WASHINGTON: A US lawmaker critical of President Hamid Karzai was barred entry to Afghanistan as part of a congressional delegation meeting with Afghan opposition groups, his office said Monday.
Republican Dana Rohrabacher’s office said he was a “last-minute” addition to the delegation when one of the members canceled days before traveling. He was prevented from traveling on Friday.
Rohrabacher, chairman of the House Foreign Affairs Subcommittee on Oversight and Investigations, has been a vocal critic of the “corrupt Karzai government and the US failed strategy of foisting a western-style democracy from a central government in Kabul,” his communications director Tara Setmayer told AFP.
Last month, he called for a US investigation into whether Karzai is misappropriating foreign aid funding to benefit himself and his family, at a time when Congress was considering President Barack Obama’s 2013 budget proposal that includes $2.5 billion for Afghanistan.
“When Karzai found out Dana was a part of the CODEL (congressional delegation), he told the State Department the entire CODEL would be denied if Rohrabacher was included,” Setmayer said.
“So, Secretary (Hillary) Clinton personally relayed Karzai’s message and personally petitioned Dana not to continue on with the delegation. Out of respect, he obliged and stayed behind in Dubai.”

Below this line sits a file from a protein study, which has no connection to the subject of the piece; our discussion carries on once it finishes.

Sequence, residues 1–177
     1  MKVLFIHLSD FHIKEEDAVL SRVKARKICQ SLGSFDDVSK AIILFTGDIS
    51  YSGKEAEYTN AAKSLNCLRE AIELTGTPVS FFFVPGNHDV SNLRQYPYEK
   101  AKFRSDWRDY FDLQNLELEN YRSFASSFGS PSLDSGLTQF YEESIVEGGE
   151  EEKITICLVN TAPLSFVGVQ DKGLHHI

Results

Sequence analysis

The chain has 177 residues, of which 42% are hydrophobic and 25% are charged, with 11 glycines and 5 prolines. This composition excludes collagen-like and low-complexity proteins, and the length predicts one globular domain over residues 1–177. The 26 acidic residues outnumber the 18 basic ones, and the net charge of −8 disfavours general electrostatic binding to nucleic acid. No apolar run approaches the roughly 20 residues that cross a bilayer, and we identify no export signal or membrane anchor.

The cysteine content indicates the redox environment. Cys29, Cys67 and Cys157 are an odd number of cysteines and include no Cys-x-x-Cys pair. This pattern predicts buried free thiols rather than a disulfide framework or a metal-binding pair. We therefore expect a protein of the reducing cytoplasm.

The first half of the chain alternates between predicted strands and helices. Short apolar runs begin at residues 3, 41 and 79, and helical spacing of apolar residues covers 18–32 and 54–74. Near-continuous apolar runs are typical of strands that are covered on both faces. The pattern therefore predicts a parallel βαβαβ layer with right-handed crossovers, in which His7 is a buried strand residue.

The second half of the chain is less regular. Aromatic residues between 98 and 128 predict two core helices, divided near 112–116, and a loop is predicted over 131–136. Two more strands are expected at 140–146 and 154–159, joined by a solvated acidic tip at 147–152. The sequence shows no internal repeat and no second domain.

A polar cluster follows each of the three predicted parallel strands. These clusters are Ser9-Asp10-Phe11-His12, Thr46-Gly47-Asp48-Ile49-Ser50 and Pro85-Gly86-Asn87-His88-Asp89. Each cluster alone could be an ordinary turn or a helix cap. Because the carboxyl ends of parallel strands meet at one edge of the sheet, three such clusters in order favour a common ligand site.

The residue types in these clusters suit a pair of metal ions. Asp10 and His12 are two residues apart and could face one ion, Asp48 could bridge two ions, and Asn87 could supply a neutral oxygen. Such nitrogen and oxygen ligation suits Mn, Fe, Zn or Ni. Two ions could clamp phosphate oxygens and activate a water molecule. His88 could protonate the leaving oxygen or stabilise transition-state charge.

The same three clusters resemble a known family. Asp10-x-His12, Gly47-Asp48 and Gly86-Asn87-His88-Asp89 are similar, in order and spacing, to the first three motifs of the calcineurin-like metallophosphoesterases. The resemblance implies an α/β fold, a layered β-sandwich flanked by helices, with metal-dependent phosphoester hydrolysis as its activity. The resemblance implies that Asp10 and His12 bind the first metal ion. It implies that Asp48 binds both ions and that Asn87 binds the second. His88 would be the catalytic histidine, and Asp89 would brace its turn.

The delegation continued on without him, and Setmayer said the lawmakers met Sunday with former leaders of the Northern Alliance, which cooperated with the United States to oust the Taliban from power after the September 11 attacks of 2001.
Texas Republican Louie Gohmert was part of the delegation that was in Afghanistan over the weekend, his staff confirmed.
The delegation dispute comes amid rising tensions between Washington and Kabul.
The congressman made headlines recently in Pakistan when he chaired a Congressional hearing on Balochistan, wherein he introduced a resolution in the US House of Representatives calling upon Pakistan to recognise the Baloch right to self determination.
The 130,000-strong US-led NATO force helping the Afghan government fight a decade-long Taliban insurgency is due to end combat operations and pull out by the end of 2014 and the two countries are in talks about their future relations.
Officials on both sides have expressed hope that a strategic partnership agreement governing post-2014 ties could be signed ahead of a NATO summit in Chicago next month.
Negotiations have been further complicated by a US soldier’s murderous rampage that left 17 Afghan villagers dead. Staff Sergeant Robert Bales has since been flown out of the country back to the United States.